And hurry up and get "Vote.gov" log in Voting and receipt portal a reality.
So more pot heads can vote.

5   Â¥   ignore (3)   2010 Nov 4, 9:16am   ↑ like (0)   ↓ dislike (0)   quote   flag        

It's amazing the difference 10 years made. 10 years ago I was stuck with the MLS listings. They were OK but not 1% as useful as redfin.

What really needs to happen is integrating the title company, county recorder, and listings functions. Not privatize, but open the data up to everyone.

6   Mark_LA   ignore (1)   2010 Nov 4, 9:37am   ↑ like (0)   ↓ dislike (0)   quote   flag        

Tenouncetrout says

And hurry up and get “Vote.gov” log in Voting and receipt portal a reality.

So more pot heads can vote.

I have yet to delve into the bureaucratic world of government contracts. Without exaggerating one bit, my company would be able to do this with a team of 50 total business analysts/project managers/software engineers/system admins/etc & deploy it in less than 2 years.

We'd do something super-secure that relied on RSA digital security ID tokens for authentication, similar to this at eTrade: https://us.etrade.com/e/t/jumppage/viewjumppage?PageName=secureid_enter

Unfortunately, I'm sure the contract would be awarded to some big bunch of idiots who have lobbyists with deep pockets: like Diebold, Unisys, etc. They'll take 10 years & 500 people to accomplish nothing, like they have with the touch screen voting machines.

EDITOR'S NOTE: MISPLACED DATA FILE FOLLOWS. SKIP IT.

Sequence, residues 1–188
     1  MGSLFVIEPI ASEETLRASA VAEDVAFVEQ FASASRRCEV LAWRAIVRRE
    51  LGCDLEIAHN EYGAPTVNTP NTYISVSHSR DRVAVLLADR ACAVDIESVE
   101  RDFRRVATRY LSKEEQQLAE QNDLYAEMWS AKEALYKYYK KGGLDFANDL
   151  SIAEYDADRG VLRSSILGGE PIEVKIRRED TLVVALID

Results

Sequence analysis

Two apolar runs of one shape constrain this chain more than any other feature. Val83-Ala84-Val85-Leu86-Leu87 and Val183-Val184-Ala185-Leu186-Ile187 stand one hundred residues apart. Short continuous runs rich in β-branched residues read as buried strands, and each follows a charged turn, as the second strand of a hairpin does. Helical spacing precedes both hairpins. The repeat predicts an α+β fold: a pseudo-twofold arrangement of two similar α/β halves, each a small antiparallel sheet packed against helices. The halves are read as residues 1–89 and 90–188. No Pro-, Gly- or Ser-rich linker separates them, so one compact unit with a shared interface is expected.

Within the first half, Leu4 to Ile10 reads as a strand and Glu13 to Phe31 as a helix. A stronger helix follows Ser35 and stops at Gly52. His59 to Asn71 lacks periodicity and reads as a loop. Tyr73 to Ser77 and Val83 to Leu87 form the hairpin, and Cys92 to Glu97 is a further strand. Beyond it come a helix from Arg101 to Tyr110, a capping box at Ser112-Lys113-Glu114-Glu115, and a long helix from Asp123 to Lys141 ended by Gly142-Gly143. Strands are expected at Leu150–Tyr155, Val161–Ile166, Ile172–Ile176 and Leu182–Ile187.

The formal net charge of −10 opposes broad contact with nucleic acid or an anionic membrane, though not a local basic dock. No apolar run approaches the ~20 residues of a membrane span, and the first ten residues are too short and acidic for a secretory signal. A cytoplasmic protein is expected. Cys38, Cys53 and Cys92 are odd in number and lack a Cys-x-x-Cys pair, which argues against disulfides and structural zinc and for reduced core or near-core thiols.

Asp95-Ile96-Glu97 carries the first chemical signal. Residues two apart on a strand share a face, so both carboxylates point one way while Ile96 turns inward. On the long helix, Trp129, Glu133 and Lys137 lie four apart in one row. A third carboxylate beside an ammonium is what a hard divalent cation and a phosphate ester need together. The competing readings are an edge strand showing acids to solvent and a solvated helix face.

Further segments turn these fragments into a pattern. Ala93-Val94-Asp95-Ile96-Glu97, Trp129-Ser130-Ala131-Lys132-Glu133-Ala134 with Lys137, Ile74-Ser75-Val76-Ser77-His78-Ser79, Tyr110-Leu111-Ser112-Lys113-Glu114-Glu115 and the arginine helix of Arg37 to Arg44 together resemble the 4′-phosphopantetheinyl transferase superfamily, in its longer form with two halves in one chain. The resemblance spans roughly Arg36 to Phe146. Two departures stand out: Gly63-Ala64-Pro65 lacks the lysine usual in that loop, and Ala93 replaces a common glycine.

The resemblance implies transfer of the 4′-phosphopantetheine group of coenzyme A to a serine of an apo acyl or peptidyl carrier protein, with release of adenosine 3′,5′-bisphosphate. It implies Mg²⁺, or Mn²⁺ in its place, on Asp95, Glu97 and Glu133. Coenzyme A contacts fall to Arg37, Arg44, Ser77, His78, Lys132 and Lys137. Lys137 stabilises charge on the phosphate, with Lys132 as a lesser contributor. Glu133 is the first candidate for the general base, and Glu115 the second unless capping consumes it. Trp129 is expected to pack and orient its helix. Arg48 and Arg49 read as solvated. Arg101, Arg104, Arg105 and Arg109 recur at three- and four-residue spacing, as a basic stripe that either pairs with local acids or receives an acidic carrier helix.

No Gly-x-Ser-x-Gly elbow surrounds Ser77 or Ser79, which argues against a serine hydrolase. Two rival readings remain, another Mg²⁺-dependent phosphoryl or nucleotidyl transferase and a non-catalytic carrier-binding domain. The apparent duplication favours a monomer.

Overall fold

7   Â¥   ignore (3)   2010 Nov 4, 10:18am   ↑ like (0)   ↓ dislike (0)   quote   flag        

Mark_LA says

We’d do something super-secure that relied on RSA digital security ID

Completely unnecessary. I do absentee ballot and I think it's perfect. What would be really great is if I could sell my unmarked (but signed) ballot to people like Meg. Getting a Starbucks card out of that would have been awesome.

LOL, she paid $50 per vote. Ouch.

8   tatupu70   ignore (0)   2010 Nov 4, 11:47am   ↑ like (0)   ↓ dislike (0)   quote   flag        

shrekgrinch says

What happens when interest rates go up? And don’t say that they won’t.
Then new buyers can’t afford as much house. That will impact house prices…negatively and across the board.

Still waiting for the time in history when that has happened...